From Our 2011 Archives
Tactics Are Different for Weight Loss, Maintenance
Study Suggests Separate Skill Sets Are Needed to Lose Weight and Then Keep It Off
By Denise Mann
Reviewed by Louise Chang, MD
July 5, 2011 -- The same tactics that help you lose weight won't necessarily help you keep it off.
The new study, which appears in August issue of the American Journal of Preventive Medicine, suggests that successful losers need to switch gears to stay the course and maintain their weight loss.
Researchers surveyed 1,165 adults about 36 specific practices to determine which of these behaviors was associated with weight loss and/or weight loss maintenance. Weight loss referred to losing 10% of body weight or more in past year, while maintenance was defined as losing 10% or more of body weight and keeping it off for one year or more.
Overall, different skill sets and behaviors are involved with weight loss and weight maintenance. For example, participating in a weight loss program, limiting the sugar in your diet, eating healthy snacks, and not skipping meals may help you lose weight initially, but these practices don't have all that much to do with maintaining the loss.
Eating lots of low-fat sources of protein, following a consistent exercise routine, and rewarding yourself for sticking with your plan and reminding yourself why you want to keep your weight off were linked to maintaining weight loss, but not the earlier weight loss, the study showed.
"Realizing this difference, shortly after the six-month time period of average maximal weight loss has passed, is really important," says study researcher Christopher Sciamanna, MD, a professor of medicine and public health sciences at the Penn State College of Medicine, in an email. "It seems somewhat similar to love and marriage. What gets you to the altar is likely to be quite different than what keeps you married in the long-term. [And] not recognizing this transition and adapting with different practices will also get you in trouble."
"It's a slightly different process," he says. "To be successful one must adapt to this different process or risk being less successful," he says. "Yes, it still comes down to decreasing caloric intake and/or increasing caloric expenditure, but the practices that help you achieve those, based on our study, appear to be different."
Weight Loss vs. Weight Maintenance
Losing weight is the (relatively) easy part, says James O. Hill, PhD, a professor of pediatrics and medicine and director of the Center for Human Nutrition at the University of Colorado at Denver. Hill and colleagues are keeping track of those who can maintain their weight loss via the National Weight Control Registry.
The new study "reinforces what we have been saying about differences between losing weight and keeping it off," he tells WebMD.
It is a three-phase process: weight loss, transition to maintenance, and maintaining the weight loss, Hill says.
"Getting the weight off is only one task, which is followed by switching your mind-set to a more permanent way of living so you keep it off," he says.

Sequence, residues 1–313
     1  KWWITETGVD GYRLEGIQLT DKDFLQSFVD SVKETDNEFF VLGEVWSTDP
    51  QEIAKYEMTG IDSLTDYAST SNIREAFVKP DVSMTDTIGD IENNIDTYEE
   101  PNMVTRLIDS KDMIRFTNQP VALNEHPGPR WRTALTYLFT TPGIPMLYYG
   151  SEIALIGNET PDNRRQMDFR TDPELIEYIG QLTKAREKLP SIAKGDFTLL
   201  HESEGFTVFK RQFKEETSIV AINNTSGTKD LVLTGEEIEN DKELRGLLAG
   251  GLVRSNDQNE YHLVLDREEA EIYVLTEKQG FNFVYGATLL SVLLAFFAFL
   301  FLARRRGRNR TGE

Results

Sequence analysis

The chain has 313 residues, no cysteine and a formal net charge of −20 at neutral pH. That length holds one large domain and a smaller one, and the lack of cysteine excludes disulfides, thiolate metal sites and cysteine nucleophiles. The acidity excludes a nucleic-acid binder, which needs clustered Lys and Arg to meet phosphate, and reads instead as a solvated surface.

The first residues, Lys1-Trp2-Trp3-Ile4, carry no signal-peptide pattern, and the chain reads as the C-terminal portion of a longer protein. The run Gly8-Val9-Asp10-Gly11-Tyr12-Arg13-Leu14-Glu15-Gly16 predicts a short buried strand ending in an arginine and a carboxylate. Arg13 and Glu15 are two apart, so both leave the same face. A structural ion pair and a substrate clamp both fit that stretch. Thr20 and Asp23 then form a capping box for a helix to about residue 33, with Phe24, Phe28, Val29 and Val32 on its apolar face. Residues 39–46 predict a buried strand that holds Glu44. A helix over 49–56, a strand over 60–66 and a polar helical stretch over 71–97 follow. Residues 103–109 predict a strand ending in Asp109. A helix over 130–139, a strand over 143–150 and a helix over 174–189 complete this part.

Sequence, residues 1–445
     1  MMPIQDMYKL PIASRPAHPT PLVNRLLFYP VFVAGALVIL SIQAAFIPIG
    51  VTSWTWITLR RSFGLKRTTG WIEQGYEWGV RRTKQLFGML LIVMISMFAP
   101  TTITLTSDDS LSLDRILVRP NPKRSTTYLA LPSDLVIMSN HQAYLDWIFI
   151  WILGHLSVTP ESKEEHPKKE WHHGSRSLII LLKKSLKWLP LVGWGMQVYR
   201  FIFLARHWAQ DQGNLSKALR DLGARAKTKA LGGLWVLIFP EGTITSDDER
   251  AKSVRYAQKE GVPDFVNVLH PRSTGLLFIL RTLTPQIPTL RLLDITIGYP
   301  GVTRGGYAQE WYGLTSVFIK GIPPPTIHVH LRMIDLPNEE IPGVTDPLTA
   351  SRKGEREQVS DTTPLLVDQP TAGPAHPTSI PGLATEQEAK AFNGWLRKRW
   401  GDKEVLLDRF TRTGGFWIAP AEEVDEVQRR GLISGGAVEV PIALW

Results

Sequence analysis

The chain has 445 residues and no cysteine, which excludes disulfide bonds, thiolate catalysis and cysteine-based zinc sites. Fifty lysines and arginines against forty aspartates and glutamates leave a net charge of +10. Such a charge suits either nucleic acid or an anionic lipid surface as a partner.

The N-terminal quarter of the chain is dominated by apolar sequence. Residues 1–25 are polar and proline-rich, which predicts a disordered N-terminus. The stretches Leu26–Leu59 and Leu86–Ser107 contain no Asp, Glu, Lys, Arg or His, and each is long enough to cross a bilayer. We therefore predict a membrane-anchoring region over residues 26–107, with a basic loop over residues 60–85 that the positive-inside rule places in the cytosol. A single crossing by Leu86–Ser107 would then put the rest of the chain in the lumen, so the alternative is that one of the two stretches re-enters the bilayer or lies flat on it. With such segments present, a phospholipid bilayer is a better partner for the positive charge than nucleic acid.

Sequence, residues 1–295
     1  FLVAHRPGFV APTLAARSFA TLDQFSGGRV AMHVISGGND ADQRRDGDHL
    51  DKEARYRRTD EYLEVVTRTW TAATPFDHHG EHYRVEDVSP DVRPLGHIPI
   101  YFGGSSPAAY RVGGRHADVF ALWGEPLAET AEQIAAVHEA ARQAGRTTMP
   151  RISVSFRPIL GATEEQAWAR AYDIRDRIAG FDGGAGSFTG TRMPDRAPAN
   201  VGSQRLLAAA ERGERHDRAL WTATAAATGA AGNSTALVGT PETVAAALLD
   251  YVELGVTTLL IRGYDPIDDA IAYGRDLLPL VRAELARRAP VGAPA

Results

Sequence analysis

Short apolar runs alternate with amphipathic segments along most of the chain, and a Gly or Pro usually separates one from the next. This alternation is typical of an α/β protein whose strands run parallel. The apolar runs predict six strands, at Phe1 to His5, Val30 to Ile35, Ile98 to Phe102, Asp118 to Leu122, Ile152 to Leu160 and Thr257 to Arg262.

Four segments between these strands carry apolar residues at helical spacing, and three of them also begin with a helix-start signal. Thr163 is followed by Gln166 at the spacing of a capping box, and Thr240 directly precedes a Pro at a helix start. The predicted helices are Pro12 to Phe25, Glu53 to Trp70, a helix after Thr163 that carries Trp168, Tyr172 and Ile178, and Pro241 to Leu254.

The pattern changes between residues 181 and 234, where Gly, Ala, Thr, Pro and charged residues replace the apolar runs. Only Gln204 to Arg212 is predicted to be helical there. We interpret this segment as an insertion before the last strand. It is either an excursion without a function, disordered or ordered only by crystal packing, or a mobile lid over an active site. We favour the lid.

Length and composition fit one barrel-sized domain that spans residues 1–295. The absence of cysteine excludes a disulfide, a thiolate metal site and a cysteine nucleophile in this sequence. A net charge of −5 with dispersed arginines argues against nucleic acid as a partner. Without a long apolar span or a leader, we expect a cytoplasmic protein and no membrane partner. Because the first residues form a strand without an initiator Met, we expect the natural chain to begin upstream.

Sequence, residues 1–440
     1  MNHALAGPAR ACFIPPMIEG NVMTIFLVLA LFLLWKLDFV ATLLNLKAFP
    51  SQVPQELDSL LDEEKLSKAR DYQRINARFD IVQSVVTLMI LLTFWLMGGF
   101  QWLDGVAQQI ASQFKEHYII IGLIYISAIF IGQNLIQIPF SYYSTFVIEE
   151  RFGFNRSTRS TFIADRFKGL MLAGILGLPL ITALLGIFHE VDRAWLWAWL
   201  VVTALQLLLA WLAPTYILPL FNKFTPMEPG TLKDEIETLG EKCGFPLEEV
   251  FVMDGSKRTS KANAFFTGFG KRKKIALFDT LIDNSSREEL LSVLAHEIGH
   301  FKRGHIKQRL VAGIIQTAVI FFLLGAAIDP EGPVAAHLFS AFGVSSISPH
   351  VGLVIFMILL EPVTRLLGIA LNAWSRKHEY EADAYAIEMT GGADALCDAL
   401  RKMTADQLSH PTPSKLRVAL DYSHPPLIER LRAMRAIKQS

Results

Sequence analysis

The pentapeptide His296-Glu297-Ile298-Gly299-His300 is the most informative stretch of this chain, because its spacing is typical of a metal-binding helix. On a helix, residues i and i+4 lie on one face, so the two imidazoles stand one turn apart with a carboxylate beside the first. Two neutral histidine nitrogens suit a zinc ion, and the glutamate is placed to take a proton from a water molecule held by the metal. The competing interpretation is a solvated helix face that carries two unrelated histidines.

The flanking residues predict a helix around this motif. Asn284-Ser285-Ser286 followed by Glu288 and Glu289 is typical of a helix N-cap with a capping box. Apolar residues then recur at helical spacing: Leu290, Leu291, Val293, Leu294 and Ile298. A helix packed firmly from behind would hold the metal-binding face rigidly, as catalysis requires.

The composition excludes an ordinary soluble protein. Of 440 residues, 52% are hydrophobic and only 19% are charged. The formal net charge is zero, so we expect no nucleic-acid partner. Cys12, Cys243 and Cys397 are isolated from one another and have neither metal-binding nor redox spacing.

The second part of the battle can be an uphill one, and it's one of the reasons that so many high-profile celebrities lose weight only to regain it. "People still want to concentrate on losing weight, but the harder part is keeping it off," he says.
Hill says that increasing physical activity is essential to maintaining any weight loss.
"Unless you are able to ramp up your physical activity in a pretty major way, you won't keep the weight off," he says. Another key ingredient is a strong social support system. "You need to create the right kind of social network to reinforce the routine of both diet and exercise."
Timothy Harlan, MD, an assistant professor of medicine at Tulane University School of Medicine, a former restaurateur known as "Dr. Gourmet," and author of Just Tell Me What to Eat!, says that the key to maintaining weight loss involves changing our mind-set.
"If you want to be healthy, lose weight, and keep it off, you need to change the way you eat," he says.
The word diet implies a beginning and an end and sets you up for failure, Harlan says,
"Eating healthy and being healthy is a lifelong prescription," he says. "If you want to lose weight and you want to keep it off, you have to completely change your relationship with food forever."
"Planning is the single most important thing people can do to lose weight and maintain that loss," Harlan says. This means planning what you are going to eat and when you are going to eat it -- same as you plan your children's schedule and your workday. This may involve packing your own lunch and not skipping breakfast.
SOURCES: James O. Hill, PhD, professor, pediatrics and medicine; director, Center for Human Nutrition, University of Colorado, Denver.Timothy Harlan, MD, assistant professor of medicine, Tulane University School of Medicine, New Orleans.Sciamanna, C.N. American Journal of Preventive Medicine, 2011.Christopher Sciamanna, MD, professor, medicine and public health sciences, Penn State College of Medicine. ©2011 WebMD, LLC. All Rights Reserved.